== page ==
Tampere University of Technology

TUTCRIS Research Portal

Three-Dimensional (3D) Digital Breast Tomosynthesis (DBT) in the Early Diagnosis and Detection of Breast Cancer

Research output: Book/ReportDoctoral thesisCollection of Articles


Original languageEnglish
PublisherTampere University of Technology
ISBN (Electronic)952-15-1585-6
ISBN (Print)952-15-1584-8
Publication statusPublished - 12 May 2006
Publication typeG5 Doctoral dissertation (article)

Publication series

NameTampere University of Technology. Publication
PublisherTampere University of Technology
ISSN (Print)1459-2045


Two-dimensional (2D) mammography plays a most important role in all aspects of breast cancer detection, diagnosis and treatment. Although it is well known that 2D mammography has limitations and it is not capable of detecting all breast cancers, there is no question that mammography is an important imaging technique for detecting and diagnosing breast cancer. Challenges of 2D mammography are structured noise which is created by the overlap of normal dense tissue structures within the breast. This may obscure the findings causing lesions to be missed (reduction of diagnostic sensitivity). Breast tissue may also simulate the presence of a cancer that does not actually exist. This causes a loss of diagnostic specificity. Currently 2D mammography is the only x-ray imaging modality accepted for breast cancer screening, but for years researchers have tried to find improved technologies and new methods to supplement 2D mammography and provide better sensitivity and specificity. Digital breast tomosynthesis (DBT) is a method that was first described many years ago, but could not be easily applied until the development of fast read-out digital detectors. The goal of breast tomosynthesis is to make available a method for screening and diagnostic mammography which provides higher sensitivity and specificity than routine mammography. This study presents digital breast tomosynthesis in diagnostic mammography by comparing digital breast tomosynthesis and screen-film or digital mammograms clinical performance, evaluates Tuned Aperture Computed Tomography (TACT) capability as a 3D breast reconstruction algorithm in the limited angle tomosynthesis system, and demonstrates technical and clinical performance of a real-time amorphous-selenium (a-Se) flat-panel detector (FPD) in full field digital breast tomosynthesis. The analyses of breast tomosynthesis have shown the following clinical benefits: improvement of overall lesion detection and analysis, increased accuracy to either confirm or exclude a suspected abnormality and in particular detection capability of small breast cancers. The results indicate that breast tomosynthesis has the potential to significantly advance diagnostic mammography, as well as screening mammography in the future. Tomosynthesis studies have already shown a promise. Based on this clinical study, tomosynthesis of the breast will increase specificity. Study also suggests that tomosynthesis might facilitate the detection of cancers at an earlier stage and a smaller size than is possible in 2D mammography. Digital breast tomosynthesis is a new breast imaging modality which has proved to have advantages over 2D mammography. Breast tomosynthesis will lead to the earlier breast cancer detection and diagnosis and will keep the false positive rate as low as possible. Keywords: digital breast tomosynthesis (DBT), breast cancer, three-dimensional (3D), tuned aperture computed tomography (TACT), amorphous selenium (a-Se), digital mammography (DM), flat panel detector (FPD)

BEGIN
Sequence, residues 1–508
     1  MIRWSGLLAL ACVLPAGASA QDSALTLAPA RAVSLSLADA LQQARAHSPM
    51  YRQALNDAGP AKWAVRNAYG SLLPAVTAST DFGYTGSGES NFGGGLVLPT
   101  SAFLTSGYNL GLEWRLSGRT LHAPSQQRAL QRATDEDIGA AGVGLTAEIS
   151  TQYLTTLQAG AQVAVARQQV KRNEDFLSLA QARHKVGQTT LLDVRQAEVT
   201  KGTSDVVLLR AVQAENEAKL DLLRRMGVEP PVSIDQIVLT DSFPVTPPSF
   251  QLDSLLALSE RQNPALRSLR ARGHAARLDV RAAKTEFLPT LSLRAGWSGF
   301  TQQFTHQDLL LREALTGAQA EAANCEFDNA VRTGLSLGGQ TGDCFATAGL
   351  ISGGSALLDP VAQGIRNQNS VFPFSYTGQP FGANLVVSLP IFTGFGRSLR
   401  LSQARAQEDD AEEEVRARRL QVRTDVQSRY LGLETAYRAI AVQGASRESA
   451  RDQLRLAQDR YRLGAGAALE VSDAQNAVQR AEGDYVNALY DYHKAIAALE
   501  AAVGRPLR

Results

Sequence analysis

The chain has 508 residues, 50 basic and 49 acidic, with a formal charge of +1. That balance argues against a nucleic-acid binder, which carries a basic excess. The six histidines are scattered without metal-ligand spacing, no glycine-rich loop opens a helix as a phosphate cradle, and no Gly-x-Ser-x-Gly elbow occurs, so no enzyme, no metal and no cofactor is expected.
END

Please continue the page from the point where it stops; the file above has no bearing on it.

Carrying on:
Downloads statistics

No data available